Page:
Are Macs better than PCs for photography work? If so, why?

Started Mar 31, 2013 | Questions thread
fyngyrz
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Re: Are Macs better than PCs for photography work? If so, why?
In reply to MikeFromMesa, Apr 1, 2013

MikeFromMesa wrote:

My problem with Macs is that buying one restricts your software options tremendously. Lots of the software I currently doesn't exist for Macs.

One thing about a Mac (OSX) is that you can run Windows and/or linux in a VM. You can't legitimately run OSX under Windows.

So while you can run any windows program on a modern Mac, you can't run any Mac program on a Windows machine.

This can matter, because there are some imaging programs, such as Aperture, which are no available for the PC.

So the best of all worlds turns out to be a Mac.

I run OSX, Windows and linux all at the same time. Admittedly, I'm a power user, but the ability to do so is inexpensive and trivial to manage with VMWare.

So when I want to run my Windows WinImages, no problem. When I want to run my OSX Aperture, I do it in OSX. I can run them both at the same time. Then when I want to run my heavily customized linux version of the Gimp, I just click on it and off I go.

1) Sagelight - a very nice editor, but not available for the Mac,

2) SNS-HDR - my preferred HDR software, but not available for the Mac,

3) Campground Navigator - the software I use to map and find camping sites. Not available for the Mac,

4) Acronis backup software - the software I use to make disc images (my preferred backup method), not available for the Mac,

All of these run just fine in a VM on a Mac. No need for a dedicated Windows machine there.

There are other software packages I use on my PC that are not available for the Mac and some which I believe are available in more limited versions. I also sometimes write software and have the same sort of issue. The software I use (mostly Visual C# and Visual C) are not available for use on the Mac.

Au contraire. I run Microsoft's Visual Studio on the Mac doing C++ development. Works great. I do Windows software work there. No reboots, no inconvenience, just click and run within a Windows virtual machine.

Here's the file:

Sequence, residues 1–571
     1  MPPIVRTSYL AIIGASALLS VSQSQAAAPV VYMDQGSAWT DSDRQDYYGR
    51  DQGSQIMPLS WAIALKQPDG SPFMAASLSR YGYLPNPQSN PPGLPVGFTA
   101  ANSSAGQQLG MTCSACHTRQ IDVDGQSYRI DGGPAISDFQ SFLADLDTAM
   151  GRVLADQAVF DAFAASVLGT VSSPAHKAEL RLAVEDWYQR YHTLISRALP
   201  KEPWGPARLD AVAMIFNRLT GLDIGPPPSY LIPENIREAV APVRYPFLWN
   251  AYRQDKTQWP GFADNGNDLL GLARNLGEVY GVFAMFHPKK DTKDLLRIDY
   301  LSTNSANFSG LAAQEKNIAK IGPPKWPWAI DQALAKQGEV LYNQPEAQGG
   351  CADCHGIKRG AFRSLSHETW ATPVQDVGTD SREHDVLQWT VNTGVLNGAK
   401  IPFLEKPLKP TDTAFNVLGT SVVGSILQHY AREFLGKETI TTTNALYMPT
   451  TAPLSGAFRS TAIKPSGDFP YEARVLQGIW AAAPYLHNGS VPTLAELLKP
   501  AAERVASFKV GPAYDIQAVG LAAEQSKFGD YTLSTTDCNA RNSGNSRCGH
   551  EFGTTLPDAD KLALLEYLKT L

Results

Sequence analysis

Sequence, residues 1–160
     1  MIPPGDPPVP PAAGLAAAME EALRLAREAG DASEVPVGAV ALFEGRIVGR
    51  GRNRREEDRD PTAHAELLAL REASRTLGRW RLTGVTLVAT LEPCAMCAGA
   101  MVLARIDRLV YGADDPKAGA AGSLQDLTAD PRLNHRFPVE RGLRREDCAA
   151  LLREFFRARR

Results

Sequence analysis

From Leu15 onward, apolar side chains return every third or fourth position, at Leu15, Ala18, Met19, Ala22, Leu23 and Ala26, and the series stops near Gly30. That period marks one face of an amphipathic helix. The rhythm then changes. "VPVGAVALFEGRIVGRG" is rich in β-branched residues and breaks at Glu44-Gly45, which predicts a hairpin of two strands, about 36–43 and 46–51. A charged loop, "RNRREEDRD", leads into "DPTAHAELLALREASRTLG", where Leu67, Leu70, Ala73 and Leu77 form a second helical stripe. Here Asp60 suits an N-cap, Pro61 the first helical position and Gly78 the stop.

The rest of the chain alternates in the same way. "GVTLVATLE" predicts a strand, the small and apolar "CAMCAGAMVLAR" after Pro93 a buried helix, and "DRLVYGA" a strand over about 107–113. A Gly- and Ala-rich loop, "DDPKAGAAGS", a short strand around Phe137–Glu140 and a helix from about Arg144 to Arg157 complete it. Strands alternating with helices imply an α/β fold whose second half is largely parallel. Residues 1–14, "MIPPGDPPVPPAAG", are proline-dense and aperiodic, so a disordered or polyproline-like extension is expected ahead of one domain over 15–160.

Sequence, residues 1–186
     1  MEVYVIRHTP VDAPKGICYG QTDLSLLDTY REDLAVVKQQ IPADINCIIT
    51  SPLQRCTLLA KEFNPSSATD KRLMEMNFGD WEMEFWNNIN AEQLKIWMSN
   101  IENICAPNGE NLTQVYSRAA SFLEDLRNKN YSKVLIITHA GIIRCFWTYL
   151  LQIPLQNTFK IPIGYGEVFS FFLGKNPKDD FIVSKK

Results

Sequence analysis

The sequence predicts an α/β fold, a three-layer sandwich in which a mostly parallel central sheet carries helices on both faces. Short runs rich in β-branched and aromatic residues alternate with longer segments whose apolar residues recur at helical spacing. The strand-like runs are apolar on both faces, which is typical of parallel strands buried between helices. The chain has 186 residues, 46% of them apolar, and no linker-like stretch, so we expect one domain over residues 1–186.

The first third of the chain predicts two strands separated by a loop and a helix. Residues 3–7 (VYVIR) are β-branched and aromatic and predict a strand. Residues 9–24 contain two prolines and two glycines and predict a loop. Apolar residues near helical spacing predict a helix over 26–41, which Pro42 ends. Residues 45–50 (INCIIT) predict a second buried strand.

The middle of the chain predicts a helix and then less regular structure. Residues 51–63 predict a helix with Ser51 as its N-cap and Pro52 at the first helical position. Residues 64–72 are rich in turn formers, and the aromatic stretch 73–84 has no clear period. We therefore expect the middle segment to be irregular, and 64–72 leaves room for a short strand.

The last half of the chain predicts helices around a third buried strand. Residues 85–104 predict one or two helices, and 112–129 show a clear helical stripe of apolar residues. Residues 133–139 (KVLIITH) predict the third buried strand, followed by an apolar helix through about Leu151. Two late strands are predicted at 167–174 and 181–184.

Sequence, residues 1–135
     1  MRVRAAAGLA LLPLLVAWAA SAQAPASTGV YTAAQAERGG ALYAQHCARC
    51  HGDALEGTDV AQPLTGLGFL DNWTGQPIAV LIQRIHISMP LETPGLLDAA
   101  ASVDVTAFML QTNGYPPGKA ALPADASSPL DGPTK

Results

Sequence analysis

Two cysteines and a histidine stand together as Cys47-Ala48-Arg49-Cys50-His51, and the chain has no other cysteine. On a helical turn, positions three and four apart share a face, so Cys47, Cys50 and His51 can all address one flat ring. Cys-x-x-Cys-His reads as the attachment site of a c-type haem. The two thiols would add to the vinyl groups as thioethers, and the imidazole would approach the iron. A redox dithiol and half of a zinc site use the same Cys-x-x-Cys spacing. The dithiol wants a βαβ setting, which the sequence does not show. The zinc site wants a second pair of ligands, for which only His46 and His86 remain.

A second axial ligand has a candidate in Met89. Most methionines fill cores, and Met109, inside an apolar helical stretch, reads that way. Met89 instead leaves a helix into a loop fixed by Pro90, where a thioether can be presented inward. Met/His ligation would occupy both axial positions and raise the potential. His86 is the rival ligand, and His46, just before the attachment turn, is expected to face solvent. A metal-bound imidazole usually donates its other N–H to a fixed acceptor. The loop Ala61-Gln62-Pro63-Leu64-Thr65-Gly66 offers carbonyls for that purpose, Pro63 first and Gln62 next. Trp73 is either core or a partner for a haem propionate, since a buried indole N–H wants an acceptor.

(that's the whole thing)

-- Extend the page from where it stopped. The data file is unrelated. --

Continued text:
There are alternatives (Java and Objective C) but there seems to be little interest in writing software for such a limited market.

Um... no. As it happens, I'm a software developer, and I've stopped making new software for Windows. I'm still maintaining some packages, hence my continued use of Visual Studio,  but the majority of my work is for the Mac now. You can develop on the Mac in a huge range of languages, including C#, C, C++, and all of the scripting languages from Python to Ruby to whatever. You can use the GCC toolchain, Apple's developer tools, Visual Studio in a VM, linux dev tools... it's a developer's ideal workspace, really.

I have nothing against the Mac and bought an AirBook for my wife. She had it for 2 days and wanted a PC instead. There is something to be said for familiarity of use.

No question about it. But that your wife found an unfamiliar environment... unfamiliar... is hardly relevant to the OP's question, is it?

Once someone *is* familiar with OSX, it is pretty much a doddle to get around in, certainly more so than Windows. But if it's Windows someone needs, OSX doesn't get in the way -- it make it downright easy.

The real trick with OSX is if you don't know your way around, then you're not the one to be picking computers or software. Because like any computer, you can end up with something underpowered for your needs, missing critical software, lacking information you need to be successful, etc.

This is no one's fault other than Apple's (and Microsoft's, when it's Windows we're talking about) but it's a fact: If you have good advice and guidance, success is a great deal more likely.

The bottom line, though, is that a Mac, running OSX, is a terrific platform for running all three of the most common operating systems. Simultaneously. Because of this, right now, in the hands of someone who know what they're doing, it's the most capable platform, hands down.

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